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Israel Allows 16 Palestinian Deportees to Go Home

By VOA News

Israeli officials said they would allow 16 Palestinians who were expelled to the Gaza Strip to return home to the West Bank Friday, in the latest goodwill gesture to the Palestinians. The 16 are the first of an expected 55 to be allowed to return after the Israeli army expelled them for security reasons. Also Thursday, the Israeli army announced that Defense Minister Shaul Mofaz decided to stop the controversial practice of destroying the family homes of Palestinians suspected of carrying out suicide attacks against Israeli targets. The army referred to a study that found the policy did little to deter militant attacks and that it spawned hatred towards Israel in the Palestinian territories.

Bush: Israeli Apprehension Over Iran Justified

By Michael Bowman (VOA-Washington)

President Bush said Thursday that Israel has reason to fear Iran, and that the United States remains committed to ensuring Israel's security At a news conference, Bush was asked about the likelihood of Israel launching a pre-emptive strike on Iran's nuclear facilities. Bush acknowledged enmity between Israel and Iran's leaders. "They do not like Israel, to put it bluntly," he said.

But the president quickly turned the initial question around. Bush said he believes it is Iran that poses a danger to Israel. "If I was the leader of Israel, and I listened to some of the statements by the Iranian ayatollahs that regarded the security of my country, I would be concerned about Iran having a nuclear weapon, as well. And in that Israel is our ally, and we have made a very strong commitment to support Israel, we will support Israel if her security is threatened." Bush said everyone, Israel included, should be concerned about the prospect of Iran developing a nuclear weapon.

Iran has long maintained that its nuclear program is for purely peaceful purposes - to satisfy the country's growing energy needs. But Iran has been criticized for not cooperating fully with the International Atomic Energy Agency, and European diplomatic initiatives have yet to yield an accord governing Iran's nuclear program. Israel fiercely maintains its right to self-defense, even if that means taking pre-emptive action against regional powers. In 1981, Israel bombed an Iraqi nuclear reactor.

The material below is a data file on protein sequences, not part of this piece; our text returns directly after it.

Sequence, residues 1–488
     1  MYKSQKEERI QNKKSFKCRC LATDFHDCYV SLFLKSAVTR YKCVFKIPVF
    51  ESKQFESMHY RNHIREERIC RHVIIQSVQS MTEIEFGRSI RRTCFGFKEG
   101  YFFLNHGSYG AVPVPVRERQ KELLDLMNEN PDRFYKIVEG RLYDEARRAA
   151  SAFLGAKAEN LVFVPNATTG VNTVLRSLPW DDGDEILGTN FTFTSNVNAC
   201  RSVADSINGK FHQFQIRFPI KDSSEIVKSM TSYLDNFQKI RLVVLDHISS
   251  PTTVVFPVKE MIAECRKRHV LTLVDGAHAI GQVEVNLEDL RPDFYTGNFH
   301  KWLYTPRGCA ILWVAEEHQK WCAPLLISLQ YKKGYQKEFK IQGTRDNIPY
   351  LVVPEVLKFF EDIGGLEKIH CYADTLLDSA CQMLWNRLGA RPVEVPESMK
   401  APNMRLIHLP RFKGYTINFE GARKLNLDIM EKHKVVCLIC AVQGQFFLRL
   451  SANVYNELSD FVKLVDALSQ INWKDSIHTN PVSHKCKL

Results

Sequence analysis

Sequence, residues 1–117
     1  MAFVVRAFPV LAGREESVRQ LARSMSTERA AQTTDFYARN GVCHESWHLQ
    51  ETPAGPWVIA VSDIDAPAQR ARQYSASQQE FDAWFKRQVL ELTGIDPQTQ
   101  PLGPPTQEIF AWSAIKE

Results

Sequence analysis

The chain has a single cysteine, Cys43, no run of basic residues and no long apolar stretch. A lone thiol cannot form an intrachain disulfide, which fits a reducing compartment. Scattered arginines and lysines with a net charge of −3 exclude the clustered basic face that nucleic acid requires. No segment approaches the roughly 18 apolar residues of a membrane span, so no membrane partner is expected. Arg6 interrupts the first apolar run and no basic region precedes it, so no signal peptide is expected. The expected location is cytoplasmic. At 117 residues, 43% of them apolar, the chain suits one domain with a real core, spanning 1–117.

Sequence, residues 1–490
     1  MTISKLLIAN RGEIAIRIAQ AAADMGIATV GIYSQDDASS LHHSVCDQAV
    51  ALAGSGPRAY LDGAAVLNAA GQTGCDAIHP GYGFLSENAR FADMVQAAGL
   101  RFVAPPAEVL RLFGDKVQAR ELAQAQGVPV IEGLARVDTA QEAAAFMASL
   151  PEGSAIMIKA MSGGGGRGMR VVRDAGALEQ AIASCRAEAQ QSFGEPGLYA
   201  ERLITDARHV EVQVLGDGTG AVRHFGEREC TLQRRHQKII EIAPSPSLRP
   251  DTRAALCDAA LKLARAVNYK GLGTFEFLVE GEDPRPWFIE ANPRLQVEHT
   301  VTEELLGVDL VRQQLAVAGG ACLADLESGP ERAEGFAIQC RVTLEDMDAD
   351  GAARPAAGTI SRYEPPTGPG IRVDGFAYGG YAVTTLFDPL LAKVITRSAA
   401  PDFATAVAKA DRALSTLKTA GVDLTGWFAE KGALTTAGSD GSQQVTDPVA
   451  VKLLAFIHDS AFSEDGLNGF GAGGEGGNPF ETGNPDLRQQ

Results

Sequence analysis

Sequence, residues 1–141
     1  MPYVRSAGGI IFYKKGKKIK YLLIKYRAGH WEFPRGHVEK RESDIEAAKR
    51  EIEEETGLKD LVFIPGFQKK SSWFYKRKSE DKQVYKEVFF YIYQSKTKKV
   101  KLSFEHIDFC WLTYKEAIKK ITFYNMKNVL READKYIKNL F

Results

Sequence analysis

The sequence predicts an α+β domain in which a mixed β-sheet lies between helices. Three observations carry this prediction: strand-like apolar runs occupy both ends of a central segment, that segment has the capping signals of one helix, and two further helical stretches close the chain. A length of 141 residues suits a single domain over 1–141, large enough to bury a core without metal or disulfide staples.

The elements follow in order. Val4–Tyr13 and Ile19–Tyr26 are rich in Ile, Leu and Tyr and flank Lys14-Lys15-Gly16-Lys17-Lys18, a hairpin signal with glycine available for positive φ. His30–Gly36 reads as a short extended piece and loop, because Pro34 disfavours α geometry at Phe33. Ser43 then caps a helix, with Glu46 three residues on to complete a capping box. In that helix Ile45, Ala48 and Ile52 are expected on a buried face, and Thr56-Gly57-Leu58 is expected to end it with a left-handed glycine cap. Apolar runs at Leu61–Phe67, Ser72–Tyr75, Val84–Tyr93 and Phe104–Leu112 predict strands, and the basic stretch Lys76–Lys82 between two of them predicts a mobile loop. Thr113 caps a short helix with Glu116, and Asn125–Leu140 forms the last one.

Bush said the United States will continue to pursue a diplomatic solution to the question of Iran's nuclear ambitions, and that the topic would be a high priority when he meets with European leaders next week. "I look forward on this trip to discussing strategies, ways forward with the Europeans, to make sure we continue to speak with one voice. And that is [that] Iran should not have a nuclear weapon. And [we will consider] how to work together to make sure that they do not."

Earlier this week, Iran and Syria announced a pact to confront security threats. Thursday, Iran called on nations throughout the region to join together to defeat what it termed U.S. and Israeli plots.

Abbas Orders Execution of Arabs Accused of Helping Israel


In one of his first policy decisions as head of the Palestinian Authority, Mahmoud Abbas has approved death sentences for three Arab men accused of helping Israel.

Gaza governor Sakher Bseso announced earlier this week that Abbas had transferred several cases of people sentenced to death under Yasir Arafat's regime to the Mufti (arbiter of Islamic law) of Jerusalem, Sheikh Ikrima Sabri. Abbas then signed the decisions, authorizing PA executioners to carry out the death sentences.

Shurat HaDin - The Israel Law Center condemned the decision, and though the identity of the three men was not released, speculated that the condemned men were most probably Yusef Hassan Sinwar, Muhammad Abu Kainas and his son, Rami Kainas.